EVERYTHING ABOUT A MOVIE?
|PRINCE OF PERSIA: THE SANDS OF TIME (director: Mike Newell; screenwriters: Boaz Yakin/Doug Miro/Carlo Bernard/based on a screen story and the video game series created by Jordan Mechner; cinematographer: John Seale; editors: Michael Kahn/Mick Audsley/Martin Walsh; music: Harry Gregson- Williams; cast: Jake Gyllenhaal (Dastan), Gemma Arterton (Tamina), Ben Kingsley (Nizam), Alfred Molina (Sheik Amar), Steve Toussaint (Seso), Toby Kebbell (Garsiv), Richard Coyle (Tus), Ronald Pickup (King Sharaman), Reece Ritchie (Bis); Runtime: 103; MPAA Rating: PG-13; producer: Jerry Bruckheimer; Walt Disney Pictures; 2010)|
I could go back in time, I wouldn't see this pic."
Reviewed by Dennis Schwartz
The movie created from
the video game series created by Jordan Mechner and produced by the
vulgarian Jerry Bruckheimer,
doesn't rise above mediocrity. Director Mike Newell ("Mona Lisa
Smile"/"Pushing Tin"/"Love in Time of Cholera") can't find the
right method to be imaginative with this swords-and-sandals-style
spectacular set in ancient Iran (filmed in Morocco for about $150
million), as all he can provide is flat
direction. It reminded me of many other disposable
blockbusters that are so easily forgotten that I can't think of their
titles. The muddled script by Boaz
Miro and Carlo Bernard keeps trying throughout to explain
its dumb plot, but keeps making things dumber and dumber the more it
Gyllenhaal), because of his noble courage, is the street kid who
becomes the adopted son of King Sharaman (Ronald Pickup), and becomes a
brother to the king's oldest son Tus (Richard Coyle) and Garsiv (Toby Kebbell). Going against
their father's orders, the three brothers and their evil uncle Nizam (Ben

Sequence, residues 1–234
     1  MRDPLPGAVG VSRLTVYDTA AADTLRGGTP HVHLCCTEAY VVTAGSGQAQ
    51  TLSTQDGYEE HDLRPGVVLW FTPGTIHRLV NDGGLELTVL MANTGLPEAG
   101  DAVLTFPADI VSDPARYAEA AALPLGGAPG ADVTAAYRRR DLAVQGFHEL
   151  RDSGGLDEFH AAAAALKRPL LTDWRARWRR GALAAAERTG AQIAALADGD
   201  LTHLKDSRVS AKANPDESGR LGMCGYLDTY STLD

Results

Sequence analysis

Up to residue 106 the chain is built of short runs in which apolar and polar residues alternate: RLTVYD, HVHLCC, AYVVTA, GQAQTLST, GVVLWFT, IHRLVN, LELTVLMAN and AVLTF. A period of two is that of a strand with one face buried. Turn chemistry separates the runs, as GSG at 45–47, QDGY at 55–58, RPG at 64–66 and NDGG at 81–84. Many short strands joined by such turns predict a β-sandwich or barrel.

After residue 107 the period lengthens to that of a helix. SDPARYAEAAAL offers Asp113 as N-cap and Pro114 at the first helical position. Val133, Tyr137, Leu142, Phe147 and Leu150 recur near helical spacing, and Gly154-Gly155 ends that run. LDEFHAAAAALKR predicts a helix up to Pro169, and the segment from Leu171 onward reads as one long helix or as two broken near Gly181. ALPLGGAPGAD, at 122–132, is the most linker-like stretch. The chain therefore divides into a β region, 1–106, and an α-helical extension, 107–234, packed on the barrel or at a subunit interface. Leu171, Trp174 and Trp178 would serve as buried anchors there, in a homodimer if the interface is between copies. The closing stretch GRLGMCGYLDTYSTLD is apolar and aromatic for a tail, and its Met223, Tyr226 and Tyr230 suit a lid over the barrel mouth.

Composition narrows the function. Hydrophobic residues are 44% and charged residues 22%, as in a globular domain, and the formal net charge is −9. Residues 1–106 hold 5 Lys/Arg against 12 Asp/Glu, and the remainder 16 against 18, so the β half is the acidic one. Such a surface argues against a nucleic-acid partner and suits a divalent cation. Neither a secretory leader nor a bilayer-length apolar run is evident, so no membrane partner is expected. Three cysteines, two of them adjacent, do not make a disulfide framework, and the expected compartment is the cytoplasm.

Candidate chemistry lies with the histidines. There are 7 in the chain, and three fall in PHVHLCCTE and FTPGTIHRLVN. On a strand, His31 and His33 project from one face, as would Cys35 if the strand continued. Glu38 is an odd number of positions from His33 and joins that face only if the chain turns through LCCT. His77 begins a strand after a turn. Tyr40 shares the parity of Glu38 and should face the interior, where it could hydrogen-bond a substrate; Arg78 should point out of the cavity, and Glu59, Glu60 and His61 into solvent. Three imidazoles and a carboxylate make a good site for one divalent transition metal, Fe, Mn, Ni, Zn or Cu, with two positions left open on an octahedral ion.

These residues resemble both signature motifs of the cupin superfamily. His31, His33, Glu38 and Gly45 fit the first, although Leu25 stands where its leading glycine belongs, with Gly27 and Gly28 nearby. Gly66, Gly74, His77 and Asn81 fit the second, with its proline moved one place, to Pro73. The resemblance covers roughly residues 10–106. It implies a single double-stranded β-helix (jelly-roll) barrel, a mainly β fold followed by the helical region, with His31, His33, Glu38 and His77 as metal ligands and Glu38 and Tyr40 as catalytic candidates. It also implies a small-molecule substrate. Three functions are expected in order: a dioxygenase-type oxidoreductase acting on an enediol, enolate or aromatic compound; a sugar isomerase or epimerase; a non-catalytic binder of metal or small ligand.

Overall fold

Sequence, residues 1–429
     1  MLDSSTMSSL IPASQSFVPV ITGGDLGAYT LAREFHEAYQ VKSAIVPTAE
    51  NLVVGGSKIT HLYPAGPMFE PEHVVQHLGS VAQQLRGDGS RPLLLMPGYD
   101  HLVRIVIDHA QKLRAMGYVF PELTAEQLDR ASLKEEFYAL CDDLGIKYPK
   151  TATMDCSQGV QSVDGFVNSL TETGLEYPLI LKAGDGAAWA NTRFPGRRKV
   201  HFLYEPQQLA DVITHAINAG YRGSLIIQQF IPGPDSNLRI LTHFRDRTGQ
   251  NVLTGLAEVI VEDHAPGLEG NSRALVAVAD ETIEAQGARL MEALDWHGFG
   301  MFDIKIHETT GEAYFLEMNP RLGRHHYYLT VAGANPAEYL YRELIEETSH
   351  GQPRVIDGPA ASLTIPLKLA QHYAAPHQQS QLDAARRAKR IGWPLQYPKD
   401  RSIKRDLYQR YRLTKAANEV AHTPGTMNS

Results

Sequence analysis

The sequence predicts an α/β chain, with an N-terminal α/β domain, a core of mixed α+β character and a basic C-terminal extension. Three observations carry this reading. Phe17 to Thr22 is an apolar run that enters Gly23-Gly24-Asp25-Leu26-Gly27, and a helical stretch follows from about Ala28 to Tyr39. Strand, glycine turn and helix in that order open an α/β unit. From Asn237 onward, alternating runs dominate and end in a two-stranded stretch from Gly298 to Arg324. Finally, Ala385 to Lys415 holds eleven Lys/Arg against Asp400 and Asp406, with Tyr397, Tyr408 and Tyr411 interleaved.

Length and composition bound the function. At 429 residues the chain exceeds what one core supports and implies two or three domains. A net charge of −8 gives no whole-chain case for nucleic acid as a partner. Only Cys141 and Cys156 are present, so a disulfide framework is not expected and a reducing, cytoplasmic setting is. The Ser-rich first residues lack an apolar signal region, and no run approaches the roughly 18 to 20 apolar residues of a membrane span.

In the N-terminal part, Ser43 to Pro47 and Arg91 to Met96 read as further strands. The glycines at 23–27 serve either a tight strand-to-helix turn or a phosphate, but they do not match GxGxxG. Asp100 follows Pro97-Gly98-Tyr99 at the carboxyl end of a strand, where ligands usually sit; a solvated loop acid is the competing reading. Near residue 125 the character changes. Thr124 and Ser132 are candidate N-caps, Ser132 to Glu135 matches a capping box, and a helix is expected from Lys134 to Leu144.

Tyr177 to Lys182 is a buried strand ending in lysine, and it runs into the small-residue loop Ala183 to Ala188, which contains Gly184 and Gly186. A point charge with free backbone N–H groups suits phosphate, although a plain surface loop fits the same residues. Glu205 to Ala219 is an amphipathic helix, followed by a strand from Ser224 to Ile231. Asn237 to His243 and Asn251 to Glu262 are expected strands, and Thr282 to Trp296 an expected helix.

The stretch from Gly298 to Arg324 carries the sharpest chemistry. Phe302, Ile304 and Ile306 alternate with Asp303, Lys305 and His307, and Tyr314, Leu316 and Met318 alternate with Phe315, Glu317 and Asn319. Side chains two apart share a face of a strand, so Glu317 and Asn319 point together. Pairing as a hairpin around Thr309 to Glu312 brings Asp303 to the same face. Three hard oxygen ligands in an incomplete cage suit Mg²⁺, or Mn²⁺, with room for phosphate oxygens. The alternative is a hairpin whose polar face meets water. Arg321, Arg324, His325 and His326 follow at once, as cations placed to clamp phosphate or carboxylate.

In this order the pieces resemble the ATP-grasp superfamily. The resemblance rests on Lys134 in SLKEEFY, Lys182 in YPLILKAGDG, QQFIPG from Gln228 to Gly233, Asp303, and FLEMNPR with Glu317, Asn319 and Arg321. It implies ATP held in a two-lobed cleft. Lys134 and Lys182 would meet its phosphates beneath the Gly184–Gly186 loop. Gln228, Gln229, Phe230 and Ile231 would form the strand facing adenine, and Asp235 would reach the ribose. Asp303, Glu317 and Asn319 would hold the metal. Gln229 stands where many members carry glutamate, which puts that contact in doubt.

Kingsley), attack the holy city
of Alamut, as Nizam falsely tells them of a secret weapon cache to be
possibly used against their powerful kingdom (an uncalled for reminder
weapons of mass destruction reason for attacking Iraq). In the battle,
easily won by the invaders, no cache of weapons is found but
Dastan uncovers a magical dagger and is told by Princess Tamina (Gemma Arterton), the protector of the ancient dagger,
that it's meant to save the world from itself and has the force to
reverse time so that whoever possesses it can rule the world by just
releasing its jewel button on the hilt (why Tamina doesn't, never quite
gets explained; even though the film bores us throughout explaining its
ridiculous plot with a lot of other gibberish).
After the good king is
murdered in a unique way by wearing a poisoned robe and Dastan is
framed as the murderer by the oily Nizam, who has ambitions to be king
after he kills his brother's biological sons, Dastan flees to the
desert with Tamina in tow. There they encounter the ruffian con man
Sheik Amar (Alfred Molina), who runs an ostrich racing track and
maintains it with some cutthroat characters, and also has eyes on the
dagger. The two action hero saviors of the world work things out in
this absurdly intricate storyline, that has them repeatedly fall into
traps and then escape, until they predictably end up keeping the dagger
in the right hands--theirs.
If I could go back in time, I
wouldn't see this pic.
REVIEWED ON 5/30/2010 GRADE: C
Dennis Schwartz: "Ozus' World Movie Reviews"
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